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Journal of Transatlantic Studies

, Volume 14, Issue 1, pp 26–46 | Cite as

‘What an awful body the UN have become!!’ Anglo-American-UN relations during the Congo crisis, February–December 1961

  • Alanna O’MalleyEmail author
Open Access
Article

Abstract

When Lord Salisbury passed the above remark in November 1961 it was at a moment of intense frustration for the British Foreign Office during the Congo crisis as the UN accelerated their efforts to restore territorial integrity to the Central African state by ending the secession of Katanga. The British viewed UN actions as a threat to their political and economic interests in the Congo and in Central Africa but crucially, also found that they were at loggerheads with the United States. This article examines Anglo-American relations at two key junctures in March and December 1961 when Britain successfully appealed to the United States to intervene in order to stall UN actions in the Congo. The cooperation between President John F. Kennedy and Prime Minister Harold Macmillan to constrain UN Congo policy reflects the centrality of the organisation in Anglo-American relations at the time and also highlights an understudied aspect of the relationship between the London and Washington. It will be shown that the crisis put a strain on the Anglo-American relations, leading to efforts by the British to play on the Cold War fears of the Americans by urging them to limit the actions of the UN. It is argued that the changing nature of the organisation helped to foster tensions in the Anglo-American relationship, exposing inherent differences of opinion about how American Cold War objectives should be balanced against the British agenda for decolonisation. The two incidents highlighted here reflect how the crisis became a challenge for Anglo-American relations and ultimately reveal the waning influence of the United States and the UK within the UN at the time.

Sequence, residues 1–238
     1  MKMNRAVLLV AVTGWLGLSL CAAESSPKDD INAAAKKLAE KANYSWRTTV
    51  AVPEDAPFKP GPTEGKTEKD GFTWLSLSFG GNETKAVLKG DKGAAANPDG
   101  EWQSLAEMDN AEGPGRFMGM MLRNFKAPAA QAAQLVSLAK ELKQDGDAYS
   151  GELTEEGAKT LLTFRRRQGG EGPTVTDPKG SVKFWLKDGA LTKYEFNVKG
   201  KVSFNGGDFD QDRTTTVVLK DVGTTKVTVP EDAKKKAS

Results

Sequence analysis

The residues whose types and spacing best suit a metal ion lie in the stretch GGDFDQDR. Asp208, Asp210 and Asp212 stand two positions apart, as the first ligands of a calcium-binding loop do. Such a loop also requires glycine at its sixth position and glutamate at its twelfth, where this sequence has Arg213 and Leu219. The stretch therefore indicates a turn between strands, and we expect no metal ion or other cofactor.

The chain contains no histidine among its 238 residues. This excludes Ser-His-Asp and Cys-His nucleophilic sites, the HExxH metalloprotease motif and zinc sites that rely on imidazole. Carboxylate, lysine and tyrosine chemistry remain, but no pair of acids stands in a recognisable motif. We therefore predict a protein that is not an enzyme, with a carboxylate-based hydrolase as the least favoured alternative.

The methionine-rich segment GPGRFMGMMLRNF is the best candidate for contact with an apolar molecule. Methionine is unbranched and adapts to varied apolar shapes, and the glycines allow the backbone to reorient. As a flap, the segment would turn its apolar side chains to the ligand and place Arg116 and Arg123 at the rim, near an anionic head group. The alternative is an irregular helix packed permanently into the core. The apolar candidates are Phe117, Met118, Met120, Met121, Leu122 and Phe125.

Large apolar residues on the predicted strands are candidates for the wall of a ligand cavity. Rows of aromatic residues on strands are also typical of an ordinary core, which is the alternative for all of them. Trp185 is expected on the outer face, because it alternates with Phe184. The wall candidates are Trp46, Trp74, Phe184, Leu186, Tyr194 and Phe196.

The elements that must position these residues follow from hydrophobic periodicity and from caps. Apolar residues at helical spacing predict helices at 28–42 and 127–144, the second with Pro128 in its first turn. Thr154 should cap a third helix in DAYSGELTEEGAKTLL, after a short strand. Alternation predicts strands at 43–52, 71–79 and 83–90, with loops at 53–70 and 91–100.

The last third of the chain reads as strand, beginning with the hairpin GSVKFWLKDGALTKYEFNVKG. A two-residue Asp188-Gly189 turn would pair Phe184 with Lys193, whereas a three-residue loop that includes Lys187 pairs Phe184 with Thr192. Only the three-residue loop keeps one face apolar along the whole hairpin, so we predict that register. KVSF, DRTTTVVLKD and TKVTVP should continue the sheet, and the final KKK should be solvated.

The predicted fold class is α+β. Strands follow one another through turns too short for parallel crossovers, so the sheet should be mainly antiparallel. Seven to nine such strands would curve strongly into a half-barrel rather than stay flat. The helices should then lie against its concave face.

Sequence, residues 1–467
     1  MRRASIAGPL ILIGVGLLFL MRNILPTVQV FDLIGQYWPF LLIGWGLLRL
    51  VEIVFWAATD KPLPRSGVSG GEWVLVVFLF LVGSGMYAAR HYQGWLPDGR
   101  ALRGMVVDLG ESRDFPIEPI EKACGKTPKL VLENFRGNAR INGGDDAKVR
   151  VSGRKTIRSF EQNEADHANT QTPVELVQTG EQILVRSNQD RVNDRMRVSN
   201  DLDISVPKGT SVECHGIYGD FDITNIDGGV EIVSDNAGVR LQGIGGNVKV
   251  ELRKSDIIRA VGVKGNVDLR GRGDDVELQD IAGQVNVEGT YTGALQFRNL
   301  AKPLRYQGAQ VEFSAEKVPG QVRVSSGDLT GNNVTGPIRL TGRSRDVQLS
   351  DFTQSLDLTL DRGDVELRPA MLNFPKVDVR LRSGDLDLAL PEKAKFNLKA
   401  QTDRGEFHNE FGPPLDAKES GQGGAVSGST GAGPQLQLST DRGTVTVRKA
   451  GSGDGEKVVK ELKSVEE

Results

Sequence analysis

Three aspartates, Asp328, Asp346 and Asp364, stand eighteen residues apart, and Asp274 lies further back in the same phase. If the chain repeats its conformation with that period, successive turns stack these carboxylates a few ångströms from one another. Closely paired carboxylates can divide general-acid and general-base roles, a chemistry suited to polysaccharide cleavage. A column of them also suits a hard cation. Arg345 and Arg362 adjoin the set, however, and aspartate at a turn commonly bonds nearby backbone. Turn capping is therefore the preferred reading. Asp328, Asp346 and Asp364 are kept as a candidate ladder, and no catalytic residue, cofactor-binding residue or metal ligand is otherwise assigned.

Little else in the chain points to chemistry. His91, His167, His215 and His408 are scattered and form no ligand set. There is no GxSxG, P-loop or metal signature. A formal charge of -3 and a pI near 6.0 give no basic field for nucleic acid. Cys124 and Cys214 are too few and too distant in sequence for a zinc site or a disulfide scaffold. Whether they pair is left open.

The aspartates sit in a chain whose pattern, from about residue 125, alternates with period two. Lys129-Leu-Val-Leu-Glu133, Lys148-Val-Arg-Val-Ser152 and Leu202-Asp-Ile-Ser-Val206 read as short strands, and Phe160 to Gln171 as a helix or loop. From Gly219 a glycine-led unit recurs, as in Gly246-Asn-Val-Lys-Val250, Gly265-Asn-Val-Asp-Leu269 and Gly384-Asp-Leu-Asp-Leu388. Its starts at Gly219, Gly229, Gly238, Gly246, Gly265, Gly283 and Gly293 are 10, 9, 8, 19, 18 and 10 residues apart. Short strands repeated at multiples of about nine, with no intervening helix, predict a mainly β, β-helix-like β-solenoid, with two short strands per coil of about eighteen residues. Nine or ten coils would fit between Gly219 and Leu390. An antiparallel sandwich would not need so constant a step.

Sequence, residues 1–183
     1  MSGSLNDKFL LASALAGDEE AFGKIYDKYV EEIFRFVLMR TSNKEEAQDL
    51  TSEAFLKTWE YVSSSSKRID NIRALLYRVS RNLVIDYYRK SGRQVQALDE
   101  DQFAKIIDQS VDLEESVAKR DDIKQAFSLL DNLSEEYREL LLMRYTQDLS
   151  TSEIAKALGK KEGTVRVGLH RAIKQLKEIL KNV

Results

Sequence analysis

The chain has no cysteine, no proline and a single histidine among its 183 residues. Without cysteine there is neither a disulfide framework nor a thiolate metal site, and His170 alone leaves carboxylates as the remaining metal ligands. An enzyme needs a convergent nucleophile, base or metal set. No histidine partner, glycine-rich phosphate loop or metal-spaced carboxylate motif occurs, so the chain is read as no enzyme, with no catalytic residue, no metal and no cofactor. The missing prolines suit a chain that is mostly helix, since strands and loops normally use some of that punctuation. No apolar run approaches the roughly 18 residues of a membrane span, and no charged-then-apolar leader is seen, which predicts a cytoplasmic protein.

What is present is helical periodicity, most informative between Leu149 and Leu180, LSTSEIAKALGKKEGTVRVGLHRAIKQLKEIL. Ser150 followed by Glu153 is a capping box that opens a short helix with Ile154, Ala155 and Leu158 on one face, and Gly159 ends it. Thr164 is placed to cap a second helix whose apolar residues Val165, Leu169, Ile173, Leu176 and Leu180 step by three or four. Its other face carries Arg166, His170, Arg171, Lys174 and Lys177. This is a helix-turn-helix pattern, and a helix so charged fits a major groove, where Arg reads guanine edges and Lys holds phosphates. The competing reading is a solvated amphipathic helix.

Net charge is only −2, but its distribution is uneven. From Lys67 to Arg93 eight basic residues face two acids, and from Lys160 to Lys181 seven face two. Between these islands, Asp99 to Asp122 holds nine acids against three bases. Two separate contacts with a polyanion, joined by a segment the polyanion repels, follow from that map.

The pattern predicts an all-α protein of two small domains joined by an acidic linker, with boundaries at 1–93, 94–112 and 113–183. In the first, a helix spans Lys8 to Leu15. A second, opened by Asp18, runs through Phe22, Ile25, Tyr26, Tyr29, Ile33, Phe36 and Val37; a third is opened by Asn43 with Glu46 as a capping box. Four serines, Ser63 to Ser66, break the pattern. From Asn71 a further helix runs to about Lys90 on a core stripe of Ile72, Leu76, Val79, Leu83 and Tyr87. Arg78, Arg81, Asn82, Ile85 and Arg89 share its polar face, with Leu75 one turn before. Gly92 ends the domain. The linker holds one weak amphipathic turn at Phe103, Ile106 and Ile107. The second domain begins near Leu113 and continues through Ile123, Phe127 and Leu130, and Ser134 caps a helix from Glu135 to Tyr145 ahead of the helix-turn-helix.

Keywords

Anglo-American relations United Nations Congo crisis Cold War decolonisation 

Notes

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Authors and Affiliations

  1. 1.Institute for HistoryLeidenThe Netherlands

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